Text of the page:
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Tree Physiol. 2006 Jul;26(7):889-98.

Climate warming and the risk of frost damage to boreal forest trees: identification of critical ecophysiological traits.

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  • 1Plant Ecophysiology and Climate Change Group, Plant Biology, Faculty of Biosciences, University of Helsinki, Finland.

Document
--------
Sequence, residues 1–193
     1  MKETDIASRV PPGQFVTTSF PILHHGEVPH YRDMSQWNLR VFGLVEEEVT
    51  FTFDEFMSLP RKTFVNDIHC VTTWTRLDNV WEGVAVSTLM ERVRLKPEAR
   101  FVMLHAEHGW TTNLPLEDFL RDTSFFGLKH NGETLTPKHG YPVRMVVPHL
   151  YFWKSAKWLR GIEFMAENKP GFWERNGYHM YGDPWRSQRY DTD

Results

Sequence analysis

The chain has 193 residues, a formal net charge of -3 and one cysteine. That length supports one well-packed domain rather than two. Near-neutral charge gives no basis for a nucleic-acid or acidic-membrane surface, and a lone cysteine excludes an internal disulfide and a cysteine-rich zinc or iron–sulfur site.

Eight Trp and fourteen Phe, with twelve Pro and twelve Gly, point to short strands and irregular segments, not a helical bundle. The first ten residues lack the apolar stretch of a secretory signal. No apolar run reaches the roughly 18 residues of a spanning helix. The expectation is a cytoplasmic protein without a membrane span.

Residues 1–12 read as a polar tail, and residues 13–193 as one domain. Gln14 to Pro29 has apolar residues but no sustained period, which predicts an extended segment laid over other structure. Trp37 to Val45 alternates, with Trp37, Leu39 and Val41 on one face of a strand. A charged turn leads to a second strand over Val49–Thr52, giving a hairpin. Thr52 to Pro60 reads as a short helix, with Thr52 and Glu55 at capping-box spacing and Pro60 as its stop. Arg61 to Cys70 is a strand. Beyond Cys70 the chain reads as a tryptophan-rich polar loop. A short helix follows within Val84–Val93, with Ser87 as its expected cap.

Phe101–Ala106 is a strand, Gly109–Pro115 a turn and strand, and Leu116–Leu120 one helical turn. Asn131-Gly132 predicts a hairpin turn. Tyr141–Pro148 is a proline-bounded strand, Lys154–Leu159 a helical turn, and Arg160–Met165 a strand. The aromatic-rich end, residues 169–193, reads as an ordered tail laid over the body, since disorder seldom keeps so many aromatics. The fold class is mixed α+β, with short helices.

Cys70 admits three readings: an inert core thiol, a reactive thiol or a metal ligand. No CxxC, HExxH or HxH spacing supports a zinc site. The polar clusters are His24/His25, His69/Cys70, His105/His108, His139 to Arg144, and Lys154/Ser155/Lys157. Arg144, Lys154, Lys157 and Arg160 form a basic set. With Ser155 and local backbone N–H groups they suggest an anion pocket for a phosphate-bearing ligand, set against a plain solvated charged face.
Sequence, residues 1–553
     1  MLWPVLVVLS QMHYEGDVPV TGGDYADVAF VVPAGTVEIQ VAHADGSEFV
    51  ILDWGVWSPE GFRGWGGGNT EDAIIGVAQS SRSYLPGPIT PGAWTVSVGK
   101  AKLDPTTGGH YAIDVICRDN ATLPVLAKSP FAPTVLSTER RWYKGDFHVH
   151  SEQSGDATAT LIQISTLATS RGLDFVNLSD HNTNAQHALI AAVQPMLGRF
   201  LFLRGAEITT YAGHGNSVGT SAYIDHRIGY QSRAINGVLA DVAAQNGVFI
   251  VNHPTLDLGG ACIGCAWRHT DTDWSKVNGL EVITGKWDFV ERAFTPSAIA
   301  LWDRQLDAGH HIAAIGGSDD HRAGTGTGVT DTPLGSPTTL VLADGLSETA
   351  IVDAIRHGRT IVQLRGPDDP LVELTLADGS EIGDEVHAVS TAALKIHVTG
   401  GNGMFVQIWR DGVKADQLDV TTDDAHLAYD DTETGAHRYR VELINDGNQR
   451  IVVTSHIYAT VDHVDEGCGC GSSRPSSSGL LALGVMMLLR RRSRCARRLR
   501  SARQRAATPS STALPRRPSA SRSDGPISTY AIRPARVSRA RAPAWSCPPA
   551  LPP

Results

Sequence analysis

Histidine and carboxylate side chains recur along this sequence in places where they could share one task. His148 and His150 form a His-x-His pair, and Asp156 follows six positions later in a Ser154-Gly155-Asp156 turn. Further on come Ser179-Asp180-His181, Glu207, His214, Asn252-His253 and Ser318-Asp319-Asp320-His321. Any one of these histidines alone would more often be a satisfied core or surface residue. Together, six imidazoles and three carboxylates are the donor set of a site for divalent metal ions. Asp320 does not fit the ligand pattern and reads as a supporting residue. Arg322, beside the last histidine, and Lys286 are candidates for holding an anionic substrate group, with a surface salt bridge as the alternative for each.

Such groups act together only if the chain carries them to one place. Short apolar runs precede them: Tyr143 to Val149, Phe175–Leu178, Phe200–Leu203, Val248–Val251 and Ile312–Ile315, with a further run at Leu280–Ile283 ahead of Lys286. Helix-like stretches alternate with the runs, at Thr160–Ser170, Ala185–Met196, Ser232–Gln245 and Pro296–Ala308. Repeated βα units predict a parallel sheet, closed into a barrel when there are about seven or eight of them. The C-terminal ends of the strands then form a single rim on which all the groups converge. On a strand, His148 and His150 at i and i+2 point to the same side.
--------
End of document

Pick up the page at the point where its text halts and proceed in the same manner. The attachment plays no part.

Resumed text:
According to a hypothesis presented in the mid-1980s, climate warming will, paradoxically, increase the risk of frost damage to trees in the boreal and temperate zones. Dehardening and even growth onset may occur in trees during mild spells in winter and early spring, resulting in damage during subsequent periods of frost. In the present study, ecophysiological traits critical to the occurrence of frost damage in trees in the boreal zone were identified. Diagnostic computer simulations were performed to examine why one simulation model of frost hardiness in an earlier study predicted heavy frost damage as a consequence of climate warming, whereas another closely related model did not. The modeling comparison revealed that the response of ontogenetic development to air temperature during quiescence is a critical factor determining the risk of frost damage. As the response can be readily determined in growth-chamber experiments, the findings of the present study can be used to guide experimental work on the environmental regulation of the annual cycle of frost hardiness in trees.

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